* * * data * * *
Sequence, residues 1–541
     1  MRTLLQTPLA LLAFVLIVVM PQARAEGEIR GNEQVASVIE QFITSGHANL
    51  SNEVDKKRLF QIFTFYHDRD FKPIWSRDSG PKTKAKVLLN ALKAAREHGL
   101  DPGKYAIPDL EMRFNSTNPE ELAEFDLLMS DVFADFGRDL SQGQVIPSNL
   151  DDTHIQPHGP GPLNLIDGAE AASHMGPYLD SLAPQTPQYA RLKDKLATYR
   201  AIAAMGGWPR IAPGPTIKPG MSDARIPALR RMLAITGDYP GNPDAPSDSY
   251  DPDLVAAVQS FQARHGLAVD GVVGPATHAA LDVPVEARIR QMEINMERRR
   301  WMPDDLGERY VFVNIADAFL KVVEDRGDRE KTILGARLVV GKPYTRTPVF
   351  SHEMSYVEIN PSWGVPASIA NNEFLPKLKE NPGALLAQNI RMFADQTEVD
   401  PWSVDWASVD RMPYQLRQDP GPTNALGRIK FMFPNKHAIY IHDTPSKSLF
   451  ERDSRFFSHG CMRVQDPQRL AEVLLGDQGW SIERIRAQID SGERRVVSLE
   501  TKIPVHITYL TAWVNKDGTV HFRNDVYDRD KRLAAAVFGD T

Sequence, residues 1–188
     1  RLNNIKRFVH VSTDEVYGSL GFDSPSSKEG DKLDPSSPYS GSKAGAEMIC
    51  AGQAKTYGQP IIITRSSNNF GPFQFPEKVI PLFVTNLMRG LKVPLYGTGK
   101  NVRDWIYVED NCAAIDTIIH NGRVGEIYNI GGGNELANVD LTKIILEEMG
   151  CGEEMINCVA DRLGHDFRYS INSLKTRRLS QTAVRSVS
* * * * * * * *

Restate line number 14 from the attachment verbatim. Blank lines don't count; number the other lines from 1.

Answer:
     1  RLNNIKRFVH VSTDEVYGSL GFDSPSSKEG DKLDPSSPYS GSKAGAEMIC